Monday, 27 February 2006


I can't sleep, past the point of lying in bed wondering why I can't sleep. Read a couple of chapters of a book, wandered round the house trying not to wake up the neighbours and then had a think about today (yesterday as was).

I went and did some training and got incredibly frustrated with myself because I simply wasn't explaining something in a way that the person I was with could understand - my fault not their's. I hate it when that happens because however easy it is to blame the other person we all know, deep down, that it's our fault - we're being paid to help them understand a task and if they "don't get it" whose fault can it be?

Anyway. On the way back I stopped for some logs from a petrol station that I use infrequently (it's on the A2 heading towards Canterbury from the M2 if anyone knows it) and while paying for the logs I noticed that for GBP 4.99 they had my favourite film on DVD and what's more it's the two disk edition so it has all the bonus stuff. It's cheap as it's ex-rental but for a fiver? Has to be worthwhile.

People who know me know that I'm passionate about a lot of things, I'm like a cross between a magpie and a rotweiler - I see something interesting and pick it up and then, no matter how hard you might try to stop me, I will not let it go. The space race is one of those things. On a good day ask me to name the crews of the major US flights and I'll tell you. Ask me to describe the final touchdown of Apollo 11 on the lunar surface and and I can show you how the astronauts were standing, how they were controlling the motion of the lunar module and much of what passed between Houston and the crew. Ask which flight did what from 1 - 13 and I can detail the purpose of most. On a better day ask me to name the twelve men who have walked on the moon and I'll get at least 75% of them. Even on my poorest day I'll tell you who died in the fire on what was later designated Apollo 1 and why the accident happened.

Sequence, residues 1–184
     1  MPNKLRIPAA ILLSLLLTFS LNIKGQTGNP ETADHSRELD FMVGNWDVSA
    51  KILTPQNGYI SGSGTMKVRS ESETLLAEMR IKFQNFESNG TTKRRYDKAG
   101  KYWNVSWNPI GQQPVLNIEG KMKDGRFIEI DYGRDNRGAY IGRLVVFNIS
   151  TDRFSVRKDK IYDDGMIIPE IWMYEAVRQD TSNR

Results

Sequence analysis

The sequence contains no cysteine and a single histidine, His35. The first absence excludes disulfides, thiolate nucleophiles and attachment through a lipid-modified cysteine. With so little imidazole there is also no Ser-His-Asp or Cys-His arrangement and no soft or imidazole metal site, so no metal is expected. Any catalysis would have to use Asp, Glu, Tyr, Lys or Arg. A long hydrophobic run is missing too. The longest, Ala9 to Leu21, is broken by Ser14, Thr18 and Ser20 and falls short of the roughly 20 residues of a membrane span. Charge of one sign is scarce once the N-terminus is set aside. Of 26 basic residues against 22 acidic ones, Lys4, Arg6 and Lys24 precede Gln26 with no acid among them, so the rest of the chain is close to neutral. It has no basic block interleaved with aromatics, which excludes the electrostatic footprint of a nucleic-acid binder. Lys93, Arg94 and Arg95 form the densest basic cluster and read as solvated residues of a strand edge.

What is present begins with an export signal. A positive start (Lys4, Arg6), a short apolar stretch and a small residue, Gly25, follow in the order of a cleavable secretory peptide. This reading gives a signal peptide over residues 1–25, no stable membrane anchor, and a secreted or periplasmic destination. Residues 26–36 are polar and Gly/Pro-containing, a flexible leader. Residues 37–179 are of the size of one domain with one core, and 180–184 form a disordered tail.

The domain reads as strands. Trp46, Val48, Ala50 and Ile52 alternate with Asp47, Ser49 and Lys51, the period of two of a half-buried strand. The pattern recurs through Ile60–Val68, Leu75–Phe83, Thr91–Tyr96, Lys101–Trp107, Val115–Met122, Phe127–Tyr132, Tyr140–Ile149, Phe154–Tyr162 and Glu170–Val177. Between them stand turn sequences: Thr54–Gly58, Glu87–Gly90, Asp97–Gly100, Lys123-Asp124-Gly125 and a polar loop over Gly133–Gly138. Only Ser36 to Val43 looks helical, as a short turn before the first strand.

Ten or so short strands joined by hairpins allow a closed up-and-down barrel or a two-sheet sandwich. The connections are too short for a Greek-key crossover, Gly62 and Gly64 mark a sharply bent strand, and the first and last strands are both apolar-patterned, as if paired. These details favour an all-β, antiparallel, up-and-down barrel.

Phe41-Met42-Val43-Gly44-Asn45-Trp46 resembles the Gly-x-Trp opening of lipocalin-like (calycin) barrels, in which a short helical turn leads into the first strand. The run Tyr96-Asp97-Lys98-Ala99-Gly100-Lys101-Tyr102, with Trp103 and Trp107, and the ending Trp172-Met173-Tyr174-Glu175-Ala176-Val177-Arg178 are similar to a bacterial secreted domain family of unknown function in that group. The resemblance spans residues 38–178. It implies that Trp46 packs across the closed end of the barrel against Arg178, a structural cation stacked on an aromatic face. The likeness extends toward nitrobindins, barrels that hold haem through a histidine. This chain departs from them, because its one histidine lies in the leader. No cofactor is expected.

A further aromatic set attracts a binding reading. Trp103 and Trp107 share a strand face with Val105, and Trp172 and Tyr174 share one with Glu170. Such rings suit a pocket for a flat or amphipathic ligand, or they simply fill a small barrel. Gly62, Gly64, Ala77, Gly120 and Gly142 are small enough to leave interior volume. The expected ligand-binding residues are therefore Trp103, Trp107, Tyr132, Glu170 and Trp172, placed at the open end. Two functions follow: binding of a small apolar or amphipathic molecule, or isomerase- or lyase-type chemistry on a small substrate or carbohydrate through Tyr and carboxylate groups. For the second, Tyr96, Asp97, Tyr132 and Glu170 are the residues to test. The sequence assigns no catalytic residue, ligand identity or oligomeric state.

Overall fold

I am forever amazed and in awe that men can get themselves to a position of trust and training where they will overcome the survival instinct and allow themselves to be blasted into space - or fly experimental aircraft (two words you would never wish to see next to each other), and it's not just the astronauts but cosmonauts too - Yuri Gagarin, the first man in space, was literally heading into the unknown in 1961 and fuelled the race to the moon. Sputnik, the first artificial satellite was launched the year I was born so I'm a child of the space age (and still only 37!)

On 11th April, 1970 three guys took off in Apollo 13 and that's the film I got today. Of course it's not entirely accurate, Lovell didn't say "We have a problem" he actually said "We've had a prolem", but the film is true in most regads to both Lovell's excellent book and the NASA flight logs (yes I'm that sad!). It's also well acted with Hanks good and Ed Harris excellent as Gene Krantz, a character he seems to get accurately as the other books about the space race all agree with the portrayal of this incredible man who managed a disaster with such skill while facing incredible political pressure as well as the desire to save three lives.

Apollo 13 splashed down on 17th April - the flight lasted just less than 6 days. 29 years later my father died on the same day - another reason Apollo 13 is special to me.

So why karma? Well - it's great karma to simply come across the film like that. It's also good to be reminded that a sense of perspective is needed. The mission gave us "Houston, we've had a problem" but it also gave us "Failure is not an option!"

4 careful considerations:

TRT said...

Seems to be Moon night tonight on BBC 4.

kat said...

I hate it when that happens because however easy it is to blame the other person we all know, deep down, that it's our fault.

I know the feeling but it is a two way thing. Sometimes the other person is trying to relate it to something else and if they don't tell you what they are trying to relate it to, or you can't guess, it can be very difficult. Also, if someone they know and trust has already told them something, which is not quite correct, it is very difficult to turn that round. That's the problem I had last week - And still have this week for that matter.
The whole space thing is fascinating.

Nogbad said...

BBC4??? BBC4??? Bah lad! You're lucky! Here we only get two BBCs - if I watch it twice will that work? It's "Life on Mars" tonight anyway :-)

Yes Kat there are any number of reasons it goes sideways (and I have a few theories about yesterday) but the bottom line is that it wasn't good enough :-(

On the upside - I watched some of the bonus stuff on disk 2 after making that posting and there are interviews with Gene Krantz, the real highlight is when he discusses the final splashdown and they intercut archive footage of mission control with this guy - 20 years later - and in both he's crying over the emotion of it all. I admit I was crying too by that stage. The bonus documentay is about making the film and includes the usual stuff by the actors but it has interviews with those people involved, newsreel footage and NASA archives of the mission. Incredible stuff.

TRT said...

BBC4's "moon night" consists of a documentary on Apollo 11, some reruns of "The Sky at Night", and a liberal sprinkling of an old documentary called "The Clangers".

I watched Life on Mars instead.